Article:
- Issue: Fall 2018
- Author: Amanda Stone
How did you become a chef?
I always liked being around food. My dad liked to cook—he set a great example for me. We traveled, especially in Asia; I was exposed to a lot of different cuisines early on. But I wanted to be an explorer. I wanted to be in the Coast Guard, live by the ocean, see marine life, protect the water. Then I wanted to be an artist. I went to college for art and ended up in the kitchen, thinking I could craft art through food.
What inspired you to start reducing food waste?
WWF ran a pilot project with my hotel in Orlando—a rapid prototyping workshop to brainstorm and test concepts to reduce waste created at buffets. I knew intuitively that there’s so much waste. But once you put a metric to it, you go into shock. And when you come out the other side, you know: I’ve gotta change. We have to exercise our influence and make the changes in our lives that make the difference. This is a start.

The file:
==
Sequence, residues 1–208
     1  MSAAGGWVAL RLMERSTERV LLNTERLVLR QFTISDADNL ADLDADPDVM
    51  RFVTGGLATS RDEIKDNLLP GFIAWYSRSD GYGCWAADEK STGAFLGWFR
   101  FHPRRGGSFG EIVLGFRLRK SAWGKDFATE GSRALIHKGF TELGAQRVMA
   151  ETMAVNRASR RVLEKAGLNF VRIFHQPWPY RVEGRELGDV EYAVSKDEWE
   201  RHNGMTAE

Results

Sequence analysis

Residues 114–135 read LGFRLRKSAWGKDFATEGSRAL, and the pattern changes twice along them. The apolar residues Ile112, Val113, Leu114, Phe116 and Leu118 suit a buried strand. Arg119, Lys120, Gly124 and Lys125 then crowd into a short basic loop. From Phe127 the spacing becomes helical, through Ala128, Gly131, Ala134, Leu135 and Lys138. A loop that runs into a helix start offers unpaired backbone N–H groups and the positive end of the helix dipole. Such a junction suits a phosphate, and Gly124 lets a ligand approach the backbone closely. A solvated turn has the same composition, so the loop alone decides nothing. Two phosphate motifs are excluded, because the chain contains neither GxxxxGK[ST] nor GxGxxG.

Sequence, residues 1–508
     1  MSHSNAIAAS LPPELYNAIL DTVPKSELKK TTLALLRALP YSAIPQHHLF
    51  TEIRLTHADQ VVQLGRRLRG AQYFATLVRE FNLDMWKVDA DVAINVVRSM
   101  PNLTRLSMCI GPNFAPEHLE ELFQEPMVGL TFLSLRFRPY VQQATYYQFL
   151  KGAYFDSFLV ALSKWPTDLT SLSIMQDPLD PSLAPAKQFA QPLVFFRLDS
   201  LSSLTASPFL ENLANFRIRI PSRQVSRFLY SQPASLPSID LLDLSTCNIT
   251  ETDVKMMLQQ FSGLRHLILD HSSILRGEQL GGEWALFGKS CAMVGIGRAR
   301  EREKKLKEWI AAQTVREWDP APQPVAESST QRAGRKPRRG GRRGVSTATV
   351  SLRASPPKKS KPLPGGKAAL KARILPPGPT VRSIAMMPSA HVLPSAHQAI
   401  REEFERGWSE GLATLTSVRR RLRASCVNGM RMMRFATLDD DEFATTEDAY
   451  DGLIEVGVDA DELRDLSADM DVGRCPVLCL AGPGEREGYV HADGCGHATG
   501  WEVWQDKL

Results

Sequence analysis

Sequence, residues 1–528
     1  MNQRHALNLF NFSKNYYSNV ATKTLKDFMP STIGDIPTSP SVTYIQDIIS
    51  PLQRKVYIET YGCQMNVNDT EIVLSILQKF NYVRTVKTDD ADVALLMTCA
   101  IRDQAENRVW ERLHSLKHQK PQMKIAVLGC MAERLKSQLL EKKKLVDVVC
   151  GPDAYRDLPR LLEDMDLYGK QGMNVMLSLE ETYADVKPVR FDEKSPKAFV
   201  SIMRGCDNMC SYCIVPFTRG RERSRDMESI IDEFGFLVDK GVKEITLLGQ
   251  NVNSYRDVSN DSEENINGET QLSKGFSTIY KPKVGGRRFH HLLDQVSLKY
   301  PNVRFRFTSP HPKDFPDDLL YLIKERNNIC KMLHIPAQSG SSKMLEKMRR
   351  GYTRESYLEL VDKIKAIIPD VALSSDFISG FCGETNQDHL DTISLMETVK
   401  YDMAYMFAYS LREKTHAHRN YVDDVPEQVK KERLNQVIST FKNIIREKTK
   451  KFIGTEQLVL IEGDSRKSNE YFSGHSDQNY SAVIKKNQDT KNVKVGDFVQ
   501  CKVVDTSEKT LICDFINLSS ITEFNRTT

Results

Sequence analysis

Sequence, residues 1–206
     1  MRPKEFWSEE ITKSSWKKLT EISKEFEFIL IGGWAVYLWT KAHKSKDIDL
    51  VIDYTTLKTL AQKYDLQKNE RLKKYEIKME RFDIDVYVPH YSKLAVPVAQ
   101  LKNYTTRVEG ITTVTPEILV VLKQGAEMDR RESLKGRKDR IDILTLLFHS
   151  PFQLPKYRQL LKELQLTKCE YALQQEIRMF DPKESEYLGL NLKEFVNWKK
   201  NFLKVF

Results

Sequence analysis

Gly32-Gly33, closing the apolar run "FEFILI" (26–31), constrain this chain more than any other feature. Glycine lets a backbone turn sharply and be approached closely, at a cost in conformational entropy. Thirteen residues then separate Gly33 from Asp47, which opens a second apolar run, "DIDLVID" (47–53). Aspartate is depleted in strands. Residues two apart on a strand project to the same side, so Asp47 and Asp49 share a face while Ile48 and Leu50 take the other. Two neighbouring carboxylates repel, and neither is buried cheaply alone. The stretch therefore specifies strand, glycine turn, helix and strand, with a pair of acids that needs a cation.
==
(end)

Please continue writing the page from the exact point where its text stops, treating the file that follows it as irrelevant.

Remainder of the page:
What can we do?
It starts at home. Buying groceries, making the best use of everything and without waste. It’s difficult. When you think about how much we each waste, and then multiply that by all the families! But everyone thought recycling was hard in the ’90s. And now we can’t imagine living somewhere without curbside pickup.
What have you learned?
Food is too cheap. It doesn’t represent the true value of food
on a global scale—of the water, the labor, the resources required to bring it to market. We’d all be living on roots [in winter] if we had to eat locally. We need to respect food, and not waste it.